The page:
Facebook's Libra project will need to address core legal and regulatory challenges before it can facilitate a single payment, US Federal Reserve governor Lael Brainard has warned.
Last week, in the face of fierce pushback from politicians and regulators, PayPal, eBay, Stripe, Visa, Mastercard, Mercado Pago and Booking Holdings decided to duck out of the Facebook-led Libra cryptocurrency association.
In a speech on Wednesday, Brainard said it "should be no surprise" that the project is facing such a high level of scrutiny because it "combines an active-user network representing more than a third of the global population with the issuance of a private digital currency opaquely tied to a basket of sovereign currencies".
Among the issues Libra needs to address, says the governor, are compliance with KYC rules; demonstration of consumer protections; and efforts to define the financial activities that the various players in the Libra ecosystem are conducting in order for jurisdictions to assess whether existing regulatory and enforcement mechanisms are adequate.
More broadly, Brainard told her audience that global stablecoin projects such as Libra could challenge bank business models. "If consumers and businesses reduce their deposits at commercial banks in favor of stablecoins held in digital wallets, this could shrink banks' sources of stable funding, as well as their visibility into transactions data, and thereby hinder banks' ability to provide credit to businesses and households," she suggested.
Stablecoins could also have implications for central banks and monetary policy: "If a large share of domestic households and businesses come to rely on a global stablecoin not only as a means of payment but also as a store of value, this could shrink demand for physical cash and affect the size of the central bank's balance sheet."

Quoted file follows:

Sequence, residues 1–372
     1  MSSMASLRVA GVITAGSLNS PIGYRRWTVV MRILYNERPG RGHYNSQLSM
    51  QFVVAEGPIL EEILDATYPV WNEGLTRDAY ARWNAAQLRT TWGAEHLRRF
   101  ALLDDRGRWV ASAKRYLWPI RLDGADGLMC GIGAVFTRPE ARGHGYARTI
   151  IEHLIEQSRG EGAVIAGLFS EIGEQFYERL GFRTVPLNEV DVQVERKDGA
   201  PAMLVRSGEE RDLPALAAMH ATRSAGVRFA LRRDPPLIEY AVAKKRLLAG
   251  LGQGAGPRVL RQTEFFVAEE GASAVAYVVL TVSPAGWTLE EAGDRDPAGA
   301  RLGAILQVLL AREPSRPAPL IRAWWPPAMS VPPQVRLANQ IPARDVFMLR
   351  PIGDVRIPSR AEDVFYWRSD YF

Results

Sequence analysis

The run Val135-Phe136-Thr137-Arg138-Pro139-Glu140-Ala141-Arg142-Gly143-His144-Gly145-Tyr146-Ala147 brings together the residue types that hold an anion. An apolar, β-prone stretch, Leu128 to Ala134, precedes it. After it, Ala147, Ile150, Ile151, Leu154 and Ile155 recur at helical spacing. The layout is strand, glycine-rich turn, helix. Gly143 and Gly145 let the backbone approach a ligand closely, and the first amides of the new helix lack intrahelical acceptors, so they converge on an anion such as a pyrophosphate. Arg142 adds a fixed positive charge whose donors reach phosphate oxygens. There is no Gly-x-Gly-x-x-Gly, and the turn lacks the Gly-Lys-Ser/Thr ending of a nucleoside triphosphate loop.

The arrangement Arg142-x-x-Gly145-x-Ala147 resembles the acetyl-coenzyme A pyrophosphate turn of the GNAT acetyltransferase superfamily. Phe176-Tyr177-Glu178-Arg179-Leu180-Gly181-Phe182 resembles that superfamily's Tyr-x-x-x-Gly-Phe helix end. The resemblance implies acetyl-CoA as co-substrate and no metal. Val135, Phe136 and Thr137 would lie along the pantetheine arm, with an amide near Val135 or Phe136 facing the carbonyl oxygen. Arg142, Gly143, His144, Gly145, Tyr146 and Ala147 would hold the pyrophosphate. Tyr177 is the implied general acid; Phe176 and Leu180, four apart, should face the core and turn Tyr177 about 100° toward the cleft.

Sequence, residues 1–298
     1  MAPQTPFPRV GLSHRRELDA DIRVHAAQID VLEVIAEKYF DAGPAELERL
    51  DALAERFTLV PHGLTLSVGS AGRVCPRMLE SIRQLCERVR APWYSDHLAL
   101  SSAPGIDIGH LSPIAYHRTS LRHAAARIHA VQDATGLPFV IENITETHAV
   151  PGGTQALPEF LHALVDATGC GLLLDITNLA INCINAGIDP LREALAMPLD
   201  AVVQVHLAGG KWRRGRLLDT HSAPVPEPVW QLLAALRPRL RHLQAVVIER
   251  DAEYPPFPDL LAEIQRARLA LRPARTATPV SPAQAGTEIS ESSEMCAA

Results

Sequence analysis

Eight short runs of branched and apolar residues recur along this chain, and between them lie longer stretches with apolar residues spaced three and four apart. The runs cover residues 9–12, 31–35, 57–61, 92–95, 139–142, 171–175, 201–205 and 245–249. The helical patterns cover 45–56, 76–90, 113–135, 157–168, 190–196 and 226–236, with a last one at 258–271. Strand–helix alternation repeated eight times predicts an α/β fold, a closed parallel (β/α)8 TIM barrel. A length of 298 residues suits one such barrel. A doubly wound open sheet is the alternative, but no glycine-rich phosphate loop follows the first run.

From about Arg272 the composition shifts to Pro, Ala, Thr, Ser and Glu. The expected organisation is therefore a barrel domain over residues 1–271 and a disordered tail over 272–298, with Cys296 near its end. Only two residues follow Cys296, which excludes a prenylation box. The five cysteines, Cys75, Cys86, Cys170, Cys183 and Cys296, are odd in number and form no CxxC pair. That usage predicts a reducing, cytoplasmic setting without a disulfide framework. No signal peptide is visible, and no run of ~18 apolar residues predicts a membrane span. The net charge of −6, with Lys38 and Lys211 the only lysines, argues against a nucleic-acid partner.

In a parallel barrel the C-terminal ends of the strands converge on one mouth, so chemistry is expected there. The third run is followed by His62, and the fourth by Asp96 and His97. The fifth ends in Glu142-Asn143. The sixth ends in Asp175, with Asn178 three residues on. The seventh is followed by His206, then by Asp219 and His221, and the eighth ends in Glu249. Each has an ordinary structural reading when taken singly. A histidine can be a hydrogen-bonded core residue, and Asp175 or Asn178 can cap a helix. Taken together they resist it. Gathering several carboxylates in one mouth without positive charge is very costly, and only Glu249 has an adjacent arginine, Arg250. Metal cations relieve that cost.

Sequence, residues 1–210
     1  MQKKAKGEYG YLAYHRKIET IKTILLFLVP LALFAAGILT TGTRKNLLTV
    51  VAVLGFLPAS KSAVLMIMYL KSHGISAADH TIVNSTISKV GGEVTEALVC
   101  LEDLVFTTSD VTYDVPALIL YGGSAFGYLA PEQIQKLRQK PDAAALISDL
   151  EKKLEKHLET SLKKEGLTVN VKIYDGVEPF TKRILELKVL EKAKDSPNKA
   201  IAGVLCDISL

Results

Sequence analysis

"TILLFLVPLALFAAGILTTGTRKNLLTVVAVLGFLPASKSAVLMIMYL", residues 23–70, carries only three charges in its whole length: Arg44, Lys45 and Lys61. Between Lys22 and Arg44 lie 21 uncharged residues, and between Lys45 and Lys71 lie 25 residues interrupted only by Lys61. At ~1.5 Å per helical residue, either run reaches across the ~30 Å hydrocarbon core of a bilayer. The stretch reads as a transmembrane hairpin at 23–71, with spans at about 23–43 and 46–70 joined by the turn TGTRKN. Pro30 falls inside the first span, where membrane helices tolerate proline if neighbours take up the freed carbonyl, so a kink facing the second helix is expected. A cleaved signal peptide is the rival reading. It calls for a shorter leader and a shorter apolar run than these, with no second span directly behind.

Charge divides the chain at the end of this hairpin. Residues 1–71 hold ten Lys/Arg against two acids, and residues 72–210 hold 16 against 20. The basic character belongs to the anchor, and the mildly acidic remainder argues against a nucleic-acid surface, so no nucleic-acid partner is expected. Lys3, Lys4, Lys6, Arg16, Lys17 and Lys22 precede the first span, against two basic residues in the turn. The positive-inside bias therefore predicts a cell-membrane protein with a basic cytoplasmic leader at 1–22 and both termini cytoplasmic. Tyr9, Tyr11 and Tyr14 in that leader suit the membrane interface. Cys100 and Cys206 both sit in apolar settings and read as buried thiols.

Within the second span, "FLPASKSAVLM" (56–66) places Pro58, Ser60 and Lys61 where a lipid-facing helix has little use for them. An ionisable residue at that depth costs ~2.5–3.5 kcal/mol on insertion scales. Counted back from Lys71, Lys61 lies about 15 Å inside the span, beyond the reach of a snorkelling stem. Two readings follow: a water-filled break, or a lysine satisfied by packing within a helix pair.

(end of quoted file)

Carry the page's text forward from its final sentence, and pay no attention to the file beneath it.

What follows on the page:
On central bank digital currencies, Brainard struck a cautious note, arguing that there are "compelling advantages" to the current system and that a switch would raise "profound legal, policy and operational questions" around issues such aqs privacy.
Despite the setbacks, Facebook is pushing ahead with the project, holding a meeting earlier this week with the 21 remaining members of the Libra Association and electing a Board of Directors, and appointing members of the Libra Association executive team. David Marcus, who is leading the Libra effort, pointed out that 1500 other firms had expressed an interest in joining the initiative.
"It was energizing to see reps from many different industries, and interests come together with one mission at heart, improve access and lower costs to digital money and financial services for everyone," he posted on Twitter. "Change of this magnitude is hard. You know you’re on to something when so much pressure builds up."